"I haven't really played my guitar a lot in the last year," Beliefs guitarist and multi-instrumentalist Josh Korody says, perched on a chair across the living room from a white Jazzmaster in his Bloor-Lansdowne apartment. With an '80s Japanese body and a Mexican neck, it's a bit of a Frankenstein affair. The original pickup section has been gutted, and a tone capacitor replaces the stock tone knob. These changes were intended to open up the sonic possibilities of the instrument and increase its reliability for live contexts but, Korody admits, it was also "a weird mod that I regret a little bit."
"I can't go to the bridge or the neck; it just stays in the middle." Now it's all a little too specific for his taste.
Taking cues from '90s guitar innovators in bands like My Bloody Valentine and Sonic Youth, both Korody and Jesse Crowe (with whom he formed Beliefs in 2010) rely on these classic Fender models for specific features like the tremolo arm and the option to pick behind the bridge, but more generally for their expressive versatility.
"If it's a really simple Jazzmaster, it's basically like a white canvas," Crowe explains from a nearby couch.
"If I have a guitar ideology — which sounds really silly — [it's] all about having headroom and not just capping out too soon," Korody says.
Crowe shares this inclination, and it is largely responsible for the broad, disorienting shoegaze music they build together in Beliefs. Crowe makes a point of streamlining her pedal train, priding herself on delivering an explosive, sweeping array of sounds while showing up to gigs with "less and less every time." That means a once discarded, unfamiliar delay pedal she found at an old jam space makes appearances all over their freshly released album Leaper.
"That's not my base sound or whatever, but in any of the kind of washier songs like 'Leaper,' or 'Ghost,' it's on the whole time," Crowe says. "'Drown' it's just kind of on in the background. With 'Leaper' it just kind of carries everything."
In a similar vein, Korody estimates that together with their Box of Rock distortion pedal, he used ZVEX's Fuzz Factory for 80 percent of his own guitars on the album. He calls it a "guitar ideology," but his preference for gear with headroom is also one that informs his approach to producing bands at Candle, the studio he owns and runs in partnership with Leon Taheny.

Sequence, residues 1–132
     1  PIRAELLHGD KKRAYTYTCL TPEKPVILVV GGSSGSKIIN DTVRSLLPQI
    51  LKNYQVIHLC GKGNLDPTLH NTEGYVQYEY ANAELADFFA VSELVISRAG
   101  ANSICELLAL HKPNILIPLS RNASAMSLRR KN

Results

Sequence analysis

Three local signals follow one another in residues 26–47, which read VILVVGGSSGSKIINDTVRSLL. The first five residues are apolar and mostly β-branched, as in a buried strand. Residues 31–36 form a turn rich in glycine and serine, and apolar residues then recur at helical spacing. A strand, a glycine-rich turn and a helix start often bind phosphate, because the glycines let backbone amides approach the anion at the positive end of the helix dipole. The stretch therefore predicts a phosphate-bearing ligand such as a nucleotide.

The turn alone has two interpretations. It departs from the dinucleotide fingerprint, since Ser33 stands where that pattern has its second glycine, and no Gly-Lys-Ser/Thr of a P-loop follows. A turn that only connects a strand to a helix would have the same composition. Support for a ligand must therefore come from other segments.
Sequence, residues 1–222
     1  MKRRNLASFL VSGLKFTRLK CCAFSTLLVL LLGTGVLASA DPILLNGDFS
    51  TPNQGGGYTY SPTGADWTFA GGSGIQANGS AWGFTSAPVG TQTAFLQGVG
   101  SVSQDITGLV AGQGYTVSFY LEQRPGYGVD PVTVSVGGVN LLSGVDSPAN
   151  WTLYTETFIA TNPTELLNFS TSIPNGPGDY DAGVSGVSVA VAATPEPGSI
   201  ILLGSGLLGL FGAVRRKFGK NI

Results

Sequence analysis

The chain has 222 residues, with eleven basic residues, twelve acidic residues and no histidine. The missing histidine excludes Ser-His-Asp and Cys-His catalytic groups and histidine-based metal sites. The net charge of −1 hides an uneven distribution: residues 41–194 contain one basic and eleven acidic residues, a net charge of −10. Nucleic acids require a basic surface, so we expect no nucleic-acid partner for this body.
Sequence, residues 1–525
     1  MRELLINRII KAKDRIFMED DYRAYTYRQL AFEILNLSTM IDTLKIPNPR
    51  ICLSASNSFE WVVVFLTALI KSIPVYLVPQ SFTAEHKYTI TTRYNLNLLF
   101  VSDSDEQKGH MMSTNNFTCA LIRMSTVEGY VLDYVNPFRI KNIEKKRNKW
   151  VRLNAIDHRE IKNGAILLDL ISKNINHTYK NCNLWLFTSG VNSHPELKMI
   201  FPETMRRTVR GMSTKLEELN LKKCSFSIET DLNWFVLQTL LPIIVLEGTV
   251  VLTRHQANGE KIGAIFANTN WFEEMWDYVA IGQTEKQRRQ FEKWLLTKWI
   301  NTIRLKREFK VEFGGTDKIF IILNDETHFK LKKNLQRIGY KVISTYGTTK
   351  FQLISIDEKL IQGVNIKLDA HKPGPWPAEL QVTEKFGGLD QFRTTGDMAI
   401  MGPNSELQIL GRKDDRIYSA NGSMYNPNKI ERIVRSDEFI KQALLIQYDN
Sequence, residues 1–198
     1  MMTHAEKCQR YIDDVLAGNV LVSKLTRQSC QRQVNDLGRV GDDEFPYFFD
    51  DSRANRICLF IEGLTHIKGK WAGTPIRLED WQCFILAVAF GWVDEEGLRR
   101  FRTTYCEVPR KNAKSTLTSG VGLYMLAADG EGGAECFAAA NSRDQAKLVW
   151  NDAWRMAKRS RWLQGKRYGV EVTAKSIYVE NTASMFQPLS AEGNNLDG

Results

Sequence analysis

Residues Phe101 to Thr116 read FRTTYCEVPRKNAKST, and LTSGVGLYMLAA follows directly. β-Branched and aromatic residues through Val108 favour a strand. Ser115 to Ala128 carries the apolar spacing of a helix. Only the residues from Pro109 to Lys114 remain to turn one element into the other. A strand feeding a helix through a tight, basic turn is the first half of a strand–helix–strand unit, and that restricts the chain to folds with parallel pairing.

"I've stolen that [Fuzz Factory] sound for its ability on a lot of people's recordings as well. The Dilly Dally record [Sore] — any guitar records I've done," he says. "It literally is endlessly tweakable."
In his solo electronic work as Nailbiter, Korody focuses on distorted techno music, but dedication to genre is only for aesthetic continuity. When he started purchasing synthesizer equipment, he made a similar point of avoiding gear known for definitive sounds, opting for adaptability instead. What he got was a 16-channel setup essentially involving three pieces of gear: a customised suitcase synth with modules from different companies, a controller and a mixer. "If I decide next week or next year or next month that I wanna make something a lot softer — more ambient, more chill — I could easily do that with that same gear."
So could this new fascination find an application in Beliefs? "It probably will on the next record," Crowe predicts.
With Leaper just released, and between Rolemodel and Nailbiter, Crowe and Korody (respectively) have both made recent debuts in other projects, but the pair are already talking about new Beliefs material.
After expanding into a five-piece — a lineup that has since dissolved — Crowe and Korody are back to treating Beliefs like a two-piece, and the pair are using the opportunity to build music under looser dynamic restrictions.
"When you write starting with guitar," Crowe advises, "you fill in way too much space."
Now, Korody says, "I don't think I would really present Jesse a song on guitar." That's already resulted in one experiment that saw Crowe and Korody writing to the synthesizer as a drum machine.
"The one time we kind of got together and recorded something post-Leaper, it was like a ten-minute-long, droney psych song," Korody teases.
"All I sang was like, 'Do you ever see it?'" Crowe grins. "That was it for like ten-and-a-half minutes."
"It'll definitely be different. It'll probably end up being a little bit more experimental, a little bit more jammy, probably less poppy. And that's okay with me," Korody reflects. "It would be really sweet to just kind of constantly push forward."